Edouard Vuillard
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November 11, 1868-June 21, 1940. French painter.

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HOLBEIN, Hans the Younger
Portrait of the Merchant Georg Gisze (detail) sf

ID: 07561

HOLBEIN, Hans the Younger Portrait of the Merchant Georg Gisze (detail) sf
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HOLBEIN, Hans the Younger Portrait of the Merchant Georg Gisze (detail) sf


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HOLBEIN, Hans the Younger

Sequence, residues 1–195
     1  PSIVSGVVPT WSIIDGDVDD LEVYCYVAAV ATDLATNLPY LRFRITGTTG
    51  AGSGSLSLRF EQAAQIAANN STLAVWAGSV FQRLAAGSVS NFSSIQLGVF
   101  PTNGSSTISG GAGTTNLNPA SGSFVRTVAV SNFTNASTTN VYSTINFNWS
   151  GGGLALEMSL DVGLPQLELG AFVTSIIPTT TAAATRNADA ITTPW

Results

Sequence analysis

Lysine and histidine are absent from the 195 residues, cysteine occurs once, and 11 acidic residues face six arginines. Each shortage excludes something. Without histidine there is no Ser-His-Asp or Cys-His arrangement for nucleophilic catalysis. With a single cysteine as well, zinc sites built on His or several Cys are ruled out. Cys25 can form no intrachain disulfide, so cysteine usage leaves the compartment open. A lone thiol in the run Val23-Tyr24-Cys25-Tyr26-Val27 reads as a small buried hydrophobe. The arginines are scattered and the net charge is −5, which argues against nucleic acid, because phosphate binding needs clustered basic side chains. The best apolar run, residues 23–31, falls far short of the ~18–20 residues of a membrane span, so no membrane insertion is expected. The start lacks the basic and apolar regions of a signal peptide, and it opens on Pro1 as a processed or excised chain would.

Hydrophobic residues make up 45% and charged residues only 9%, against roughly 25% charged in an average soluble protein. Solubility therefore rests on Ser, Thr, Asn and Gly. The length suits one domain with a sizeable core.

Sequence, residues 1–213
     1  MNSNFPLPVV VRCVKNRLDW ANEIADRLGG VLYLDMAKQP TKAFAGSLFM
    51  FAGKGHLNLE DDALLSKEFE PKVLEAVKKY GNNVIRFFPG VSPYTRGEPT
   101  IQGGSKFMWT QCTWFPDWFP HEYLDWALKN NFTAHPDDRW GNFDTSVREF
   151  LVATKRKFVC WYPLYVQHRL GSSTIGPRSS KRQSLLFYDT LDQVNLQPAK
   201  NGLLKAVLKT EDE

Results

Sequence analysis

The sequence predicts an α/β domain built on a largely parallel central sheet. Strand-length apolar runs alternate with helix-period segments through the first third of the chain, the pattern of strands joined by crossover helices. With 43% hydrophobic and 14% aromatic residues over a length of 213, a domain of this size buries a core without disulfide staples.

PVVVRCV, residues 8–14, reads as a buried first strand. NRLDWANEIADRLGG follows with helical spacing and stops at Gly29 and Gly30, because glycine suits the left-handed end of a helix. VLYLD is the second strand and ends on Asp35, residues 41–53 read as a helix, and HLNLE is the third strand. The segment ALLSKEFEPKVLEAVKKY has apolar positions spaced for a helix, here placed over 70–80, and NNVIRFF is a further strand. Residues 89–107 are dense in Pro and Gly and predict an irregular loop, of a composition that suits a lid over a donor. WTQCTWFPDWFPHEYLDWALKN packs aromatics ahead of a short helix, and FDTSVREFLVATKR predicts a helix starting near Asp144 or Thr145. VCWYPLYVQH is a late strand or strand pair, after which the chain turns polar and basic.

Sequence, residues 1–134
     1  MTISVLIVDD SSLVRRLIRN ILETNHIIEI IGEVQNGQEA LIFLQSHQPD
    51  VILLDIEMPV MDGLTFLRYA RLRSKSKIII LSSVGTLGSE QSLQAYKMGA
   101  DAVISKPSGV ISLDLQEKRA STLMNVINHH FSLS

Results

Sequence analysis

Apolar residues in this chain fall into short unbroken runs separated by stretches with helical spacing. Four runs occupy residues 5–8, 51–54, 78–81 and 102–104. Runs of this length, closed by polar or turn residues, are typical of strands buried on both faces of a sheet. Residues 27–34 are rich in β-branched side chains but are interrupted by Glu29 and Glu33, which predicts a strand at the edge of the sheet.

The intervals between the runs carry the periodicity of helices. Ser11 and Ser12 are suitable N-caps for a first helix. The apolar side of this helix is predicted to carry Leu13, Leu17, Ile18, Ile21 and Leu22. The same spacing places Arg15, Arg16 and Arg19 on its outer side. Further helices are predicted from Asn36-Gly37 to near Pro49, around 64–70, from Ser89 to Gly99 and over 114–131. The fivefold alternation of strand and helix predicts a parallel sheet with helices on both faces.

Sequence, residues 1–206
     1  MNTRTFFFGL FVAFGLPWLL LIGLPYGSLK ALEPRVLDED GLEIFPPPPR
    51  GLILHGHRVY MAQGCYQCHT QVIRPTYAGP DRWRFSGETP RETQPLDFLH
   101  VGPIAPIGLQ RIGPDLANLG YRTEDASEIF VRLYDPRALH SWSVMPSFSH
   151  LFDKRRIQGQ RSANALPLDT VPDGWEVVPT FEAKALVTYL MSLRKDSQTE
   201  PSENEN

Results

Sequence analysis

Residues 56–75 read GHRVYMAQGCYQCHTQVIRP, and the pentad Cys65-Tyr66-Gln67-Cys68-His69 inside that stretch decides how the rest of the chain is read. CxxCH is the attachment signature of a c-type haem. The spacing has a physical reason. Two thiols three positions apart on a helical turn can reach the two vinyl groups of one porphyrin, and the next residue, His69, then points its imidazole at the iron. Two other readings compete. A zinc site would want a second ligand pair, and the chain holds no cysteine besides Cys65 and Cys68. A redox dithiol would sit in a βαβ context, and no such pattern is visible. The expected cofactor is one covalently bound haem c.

German painter (b. 1497, Augsburg, d. 1543, London). Hans Holbein the Younger, born in Augsburg, was the son of a painter, Hans Holbein the Elder, and received his first artistic training from his father. Hans the Younger may have had early contacts with the Augsburg painter Hans Burgkmair the Elder. In 1515 Hans the Younger and his older brother, Ambrosius, went to Basel, where they were apprenticed to the Swiss painter Hans Herbster. Hans the Younger worked in Lucerne in 1517 and visited northern Italy in 1518-1519. On Sept. 25, 1519, Holbein was enrolled in the painters' guild of Basel, and the following year he set up his own workshop, became a citizen of Basel, and married the widow Elsbeth Schmid, who bore him four children. He painted altarpieces, portraits, and murals and made designs for woodcuts, stained glass, and jewelry. Among his patrons was Erasmus of Rotterdam, who had settled in Basel in 1521. In 1524 Holbein visited France. Holbein gave up his workshop in Basel in 1526 and went to England, armed with a letter of introduction from Erasmus to Sir Thomas More, who received him warmly. Holbein quickly achieved fame and financial success. In 1528 he returned to Basel, where he bought property and received commissions from the city council, Basel publishers, Erasmus, and others. However, with iconoclastic riots instigated by fanatic Protestants, Basel hardly offered the professional security that Holbein desired. In 1532 Holbein returned to England and settled permanently in London, although he left his family in Basel, retained his Basel citizenship, and visited Basel in 1538. He was patronized especially by country gentlemen from Norfolk, German merchants from the Steel Yard in London, and King Henry VIII and his court. Holbein died in London between Oct. 7 and Nov. 29, 1543. With few exceptions, Holbein's work falls naturally into the four periods corresponding to his alternate residences in Basel and London. His earliest extant work is a tabletop with trompe l'oeil motifs (1515) painted for the Swiss standard-bearer Hans Baer. Other notable works of the first Basel period are a diptych of Burgomaster Jakob Meyer zum Hasen and his wife, Dorothea Kannengiesser (1516); a portrait of Bonifacius Amerbach (1519); an unsparingly realistic Dead Christ (1521); a Madonna and Child Enthroned with Two Saints (1522); several portraits of Erasmus, of which the one in Paris (1523 or shortly after), with its accurate observation of the scholar's concentrated attitude and frail person and its beautifully balanced composition, is particularly outstanding; and woodcuts, among which the series of the Dance of Death (ca. 1521-1525, though not published until 1538) represents one of the high points of the artist's graphic oeuvre. Probably about 1520 Holbein painted an altarpiece, the Last Supper, now somewhat cut down, which is based on Leonardo da Vinci's famous painting, and four panels with eight scenes of the Passion of Christ (possibly the shutters of the Last Supper altarpiece), which contain further reminiscences of Italian painting, particularly Andrea Mantegna, the Lombard school, and Raphael, but with lighting effects that are characteristically northern. His two portraits of Magdalena Offenburg, as Laïs of Corinth and Venus with Cupid (1526),   Related Paintings of HOLBEIN, Hans the Younger :. | The Solothurn Madonna f | Henry VIII after | Darmstadt Madonna (detail) sg | Portrait of Elihu Yale | Henry VIII and the Barber Surgeons sf |